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Category: Reflections 27 Jul 14


This week, amidst the horror of reports of the spate of child abuse in this country, I have decided to defer part two of the article on Sarah Beckett, the British-born artist in Trinidad.

Perplexed foreigners say our politicians rarely participate in any developmental project unless it’s linked with a PR event which allows them to dress up for a photo opportunity.

Now, apart from the daily fare of bullet-riddled youth, something else grabs our attention. We are turning against our children. The headlines of the last few days say four-year-olds, seven-year-olds have been raped; that there are reports of abuse at the St Michael’s School for Boys; that mothers are lashing at their children with shovels and threats to kill them.

Our primitive, lazy response is a call for blood: Hang them high. Hang them all. Our policemen— with their increasingly military armour—are beginning to look like killers in computer games. But do those big guns prevent abuse, prevent violence, or do they aggrandise it? We look fearfully at these men in combat gear who, in ignorance of their role as peacekeepers, revel in their costume and power to intimidate.

But what is the solution? Sadly, the solution requires sustainable work, behind-the-scenes work, which is something for which we are not built.

We love First World ideas—hospitals that are like hotels; special schools that encourage critical thinking; teachers’ colleges; music literacy schools; monuments to great statesmen; Nobel prizes for science and literature; a literacy-, art- and reading-based culture; hallowed libraries of great universities; cobbled streets of beautifully laid out cities with flowers on lanterns; degrees in social services; the joy of quick service at a coffee shop; the aesthetics of heritage buildings; the convenience of Internet grocery shopping; the freedom of feeling relatively safe walking downtown in a city.

We love all that. We even adore Obama’s forward thinking on issues such as global warming and gay marriage. We love Michelle O for encouraging America to be healthier. We love that GPs in the UK have to do compulsory ongoing education; that their performance review is based on prevention of disease rather than expensive cures. We love all that, and talk about it like it’s the man on the moon.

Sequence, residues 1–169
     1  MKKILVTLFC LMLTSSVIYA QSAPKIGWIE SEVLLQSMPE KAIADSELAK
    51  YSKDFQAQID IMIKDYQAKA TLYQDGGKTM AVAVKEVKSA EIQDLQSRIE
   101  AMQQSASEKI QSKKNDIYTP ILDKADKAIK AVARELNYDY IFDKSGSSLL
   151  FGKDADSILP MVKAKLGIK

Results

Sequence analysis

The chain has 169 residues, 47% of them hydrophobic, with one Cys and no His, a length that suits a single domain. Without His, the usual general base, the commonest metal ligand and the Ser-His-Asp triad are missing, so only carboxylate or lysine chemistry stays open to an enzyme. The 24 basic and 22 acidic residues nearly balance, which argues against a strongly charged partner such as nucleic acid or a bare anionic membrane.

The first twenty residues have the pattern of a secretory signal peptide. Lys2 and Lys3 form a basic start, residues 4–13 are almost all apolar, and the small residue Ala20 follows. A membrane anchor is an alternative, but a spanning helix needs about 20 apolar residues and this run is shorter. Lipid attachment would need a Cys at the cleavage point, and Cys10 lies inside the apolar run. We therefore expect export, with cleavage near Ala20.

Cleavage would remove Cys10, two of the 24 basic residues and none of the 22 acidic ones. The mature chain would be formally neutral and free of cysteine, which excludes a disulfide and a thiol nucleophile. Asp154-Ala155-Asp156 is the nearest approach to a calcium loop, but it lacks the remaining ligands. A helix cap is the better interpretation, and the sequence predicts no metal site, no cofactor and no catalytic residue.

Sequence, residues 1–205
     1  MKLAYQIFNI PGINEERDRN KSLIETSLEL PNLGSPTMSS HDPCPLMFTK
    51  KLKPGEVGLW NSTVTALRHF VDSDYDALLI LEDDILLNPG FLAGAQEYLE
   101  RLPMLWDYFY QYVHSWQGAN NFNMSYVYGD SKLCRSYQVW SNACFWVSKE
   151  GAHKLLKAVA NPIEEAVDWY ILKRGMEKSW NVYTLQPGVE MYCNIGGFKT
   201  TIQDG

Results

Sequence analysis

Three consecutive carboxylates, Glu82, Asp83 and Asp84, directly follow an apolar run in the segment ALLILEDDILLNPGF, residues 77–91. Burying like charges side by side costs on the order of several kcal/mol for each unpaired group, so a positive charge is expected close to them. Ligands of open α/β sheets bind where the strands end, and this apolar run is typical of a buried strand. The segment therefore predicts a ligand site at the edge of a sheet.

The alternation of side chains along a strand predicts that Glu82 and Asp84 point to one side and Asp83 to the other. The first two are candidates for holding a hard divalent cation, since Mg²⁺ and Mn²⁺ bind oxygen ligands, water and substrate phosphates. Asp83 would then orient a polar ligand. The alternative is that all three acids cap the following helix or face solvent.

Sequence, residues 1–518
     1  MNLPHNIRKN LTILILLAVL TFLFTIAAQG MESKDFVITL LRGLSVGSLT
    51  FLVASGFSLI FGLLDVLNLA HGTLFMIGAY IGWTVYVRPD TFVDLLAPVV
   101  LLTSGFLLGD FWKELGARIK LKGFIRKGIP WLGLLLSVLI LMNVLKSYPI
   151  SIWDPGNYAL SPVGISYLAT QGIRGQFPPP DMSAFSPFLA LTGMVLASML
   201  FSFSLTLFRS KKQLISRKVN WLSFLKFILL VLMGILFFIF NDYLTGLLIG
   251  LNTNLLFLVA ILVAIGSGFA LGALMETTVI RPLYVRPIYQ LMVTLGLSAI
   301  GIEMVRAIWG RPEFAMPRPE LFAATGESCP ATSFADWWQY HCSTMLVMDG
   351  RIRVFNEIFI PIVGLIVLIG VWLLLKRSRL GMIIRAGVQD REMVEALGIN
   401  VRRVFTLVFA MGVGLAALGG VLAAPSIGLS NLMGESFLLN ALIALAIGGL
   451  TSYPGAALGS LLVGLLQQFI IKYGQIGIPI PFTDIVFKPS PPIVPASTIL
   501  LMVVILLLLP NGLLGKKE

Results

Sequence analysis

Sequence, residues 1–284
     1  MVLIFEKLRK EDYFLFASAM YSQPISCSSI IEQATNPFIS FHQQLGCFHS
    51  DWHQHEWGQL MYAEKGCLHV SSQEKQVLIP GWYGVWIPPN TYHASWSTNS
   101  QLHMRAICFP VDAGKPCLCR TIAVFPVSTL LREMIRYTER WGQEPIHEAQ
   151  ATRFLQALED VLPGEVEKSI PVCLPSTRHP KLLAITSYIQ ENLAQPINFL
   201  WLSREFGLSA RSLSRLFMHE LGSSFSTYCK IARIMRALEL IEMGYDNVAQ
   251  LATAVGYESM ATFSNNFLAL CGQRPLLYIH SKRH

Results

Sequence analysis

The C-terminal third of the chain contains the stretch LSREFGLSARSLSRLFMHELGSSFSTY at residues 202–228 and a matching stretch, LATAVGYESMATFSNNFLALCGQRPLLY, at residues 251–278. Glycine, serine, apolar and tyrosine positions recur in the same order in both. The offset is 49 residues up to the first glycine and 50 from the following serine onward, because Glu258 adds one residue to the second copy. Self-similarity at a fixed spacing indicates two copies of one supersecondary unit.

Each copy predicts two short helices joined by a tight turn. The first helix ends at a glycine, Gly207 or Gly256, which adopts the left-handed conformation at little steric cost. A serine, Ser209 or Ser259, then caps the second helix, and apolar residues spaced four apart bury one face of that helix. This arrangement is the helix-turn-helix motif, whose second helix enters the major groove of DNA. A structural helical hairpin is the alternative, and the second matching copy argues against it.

What do we have here? Fear; murder; rat-infested hospitals; 400,000 functionally illiterate people; 40-year-old rusty WASA pipes which will only be changed when they disintegrate and flood our cities. We are the third-fattest country in the world. We have one of the highest rates of heart disease, hypertension and diabetes.

We’re an entire culture based on evading hard work—three generations of variations of the menacingly- led Community-Based Environmental Protection and Enhancement Programme. We have Carnival.

We’re among the most polluted in the world on a flammable, unregulated oil-and-gas industrial estate. We’re tumbling down the transparency index. And generally, we offer sour, pedantic, slow service, be it in coffee shop, bank or licensing office.

Some people say they wish it were Carnival all year round. Well, guess what? It is. We are a country that’s always on show. Our outer layers are tinsel that falls apart when we go home. Without our glitter and shields, we are sad, egotistical, naked leaders who don’t like to look at ourselves.

There is a reason for this. Sustainable development in this country is as dirty an expression as “f--- off.” It’s boring. When development-funding organisations say: “Look, you need to create a degree in social services at UWI; you need to identify 500 families who will be willing to take in children from institutions and give them a financial incentive to do so. You need to de-institutionalise, rather than box in, children who have been orphaned, abandoned, abused, or whose parents are in jail. You need to rehabilitate them and integrate them into society as productive civic citizens”—that’s another f--- word.

We need to give financial incentives to unemployed single mothers to send their children to school, and to social workers to protect and nurture our children.

Who has time for that? There is no PR value on it. No need to dress up. There are all kinds of dress-up. There is PR dress-up and there is police-and-machine-gun dress-up. We are waiting to explode like a dumb computer game. Why money for Soca Warriors now? Dress up. PR. Why more money for soca and chutney stars every year? Dress up. PR.

Why statues of calypsonians and not a single one dedicated to a statesman, or a man of letters? Dress up. PR. Playing not just to the gallery, but to the lowest common denominator, has weakened our developmental muscles.

All we can manage to do is dress up and allow the cameras in to mask the rising stench of sloppy, lazy, hubris-filled, corrupt self-aggrandisement based governance. Meanwhile, some child is being abused quietly somewhere, everywhere.

It is said the mark of a truly civilised society is demonstrated by how we treat our most vulnerable.

We have turned ourselves into some kind of perpetual show of Minshall’s Carnival of Danse Macabre.


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All Articles Copyright Ira Mathur